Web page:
Many details of the incident remain unclear, but the picture that emerges so far suggests that this attack was most likely random and opportunistic rather than a premeditated effort to attack US personnel or interests. The gunmen laid an ambush on the convoy on one of the main roads in Ogbaru, shooting into the vehicles and dragging several people out of the wreckage before the Nigerian military could respond based on the alerts it received.
Unfortunately, this type of ambush is an almost daily occurrence on Nigeria’s highways, including in the southeast. Gunmen in that region rely on kidnapping for ransom to sustain their operations, and after facing inconvenient setbacks at the hands of the security forces, they would be all the more likely to seek a quick influx of resources that a hostage-taking has the potential to provide. This would especially be the case if their new base of operations, in this case Ogbaru, were only temporary, as one source with knowledge of militancy in the region suggested. In that case, they would have much to gain and little to lose by conducting a kidnapping in the area. Unfortunately, these gunmen (and their informants) have gotten very good at identifying potential VIP convoys, even ones that are relatively discrete. Based on what I have heard about the incident, it strikes me as most likely that the gunmen or their informants spotted the convoy and, without knowing who was inside, wagered that it contained targets worth attempting to kidnap. If the gunmen had conscious plans to attack US mission personnel, and if they had the intelligence and sophistication to carry out such an operation, we may expect that they would have recognized the convoy that passed through on May 16 for what it was—an advance team—and waited to target the main convoy. What they did instead suggests an opportunistic attack against what they recognized as a likely high-value target, but perhaps not knowing anything more than that. This explanation still leaves some questions unanswered, namely regarding the apparent brutality that these kidnappers meted out against their victims. (Although, in my research I have found that some kidnappers are more violent than others, and the gunmen in this region have shown a particular animosity toward police, which could have been a factor here.) But this theory strikes me as more plausible than that of a targeted, ideologically motivated attack given my understanding of militancy in the southeast and what we know about the convoy and its route.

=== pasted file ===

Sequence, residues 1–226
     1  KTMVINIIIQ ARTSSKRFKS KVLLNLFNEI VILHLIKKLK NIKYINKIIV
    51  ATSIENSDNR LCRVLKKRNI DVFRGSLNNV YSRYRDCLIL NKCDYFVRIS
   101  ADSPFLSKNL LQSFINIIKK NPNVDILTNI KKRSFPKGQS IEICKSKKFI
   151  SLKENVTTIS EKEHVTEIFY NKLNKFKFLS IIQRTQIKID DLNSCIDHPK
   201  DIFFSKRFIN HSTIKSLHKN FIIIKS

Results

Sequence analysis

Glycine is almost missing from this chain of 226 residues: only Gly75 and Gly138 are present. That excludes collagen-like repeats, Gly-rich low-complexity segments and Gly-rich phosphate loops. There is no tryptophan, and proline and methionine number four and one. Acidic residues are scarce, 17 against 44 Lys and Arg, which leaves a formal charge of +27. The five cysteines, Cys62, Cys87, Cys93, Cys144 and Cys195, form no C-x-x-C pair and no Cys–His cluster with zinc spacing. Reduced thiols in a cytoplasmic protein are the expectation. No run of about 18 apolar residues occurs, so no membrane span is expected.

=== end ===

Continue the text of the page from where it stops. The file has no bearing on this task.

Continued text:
Conclusion: Balancing the Risks and Requirements of Diplomacy in Nigeria
The tragedy of May 16 is bound to reignite a policy discussion about the US diplomatic posture in Nigeria—the number and location of US personnel within the country and the procedures and restrictions governing both their official and personal movement. I have been of the opinion that one of the handicaps of US policy in Nigeria, and Africa more broadly, is the post-Benghazi security cordon around US officials that makes it difficult for them to visit and thereby better understand the country’s different hotspots. Indeed, as insecurity has spread across Nigeria in recent years, embassy personnel have increasingly been confined to the Abuja metropolis or the central neighborhoods around the consulate in the commercial capital of Lagos. As many diplomats are aware, there are drawbacks to limiting US diplomacy to the safety of conference halls and cocktail receptions in the most expatriate-heavy neighborhoods of these two metropoles. Abuja is a convenient meeting spot for the country’s political elite. But there is no substitute for seeing the country’s diverse regions first-hand and building relationships with locals outside the federal capital.
Yet as the latest incident reveals, the risk of deadly attacks along many of Nigeria’s roadways is quite high. And these are random attacks, to say nothing of the more organized insurgents who might conceivably have a political or ideological interest in proactively attacking US government personnel. The security situation being as unpredictable as it is, it will be all the more tempting for US officials to err on the side of caution when it comes to moving about Nigeria.
The goal of a State Department review of America’s diplomatic footprint should be to find means of improving the safety and security of US personnel without succumbing to a further “Green Zonification” of the US diplomatic presence in a country that, while volatile, is quite strategically significant.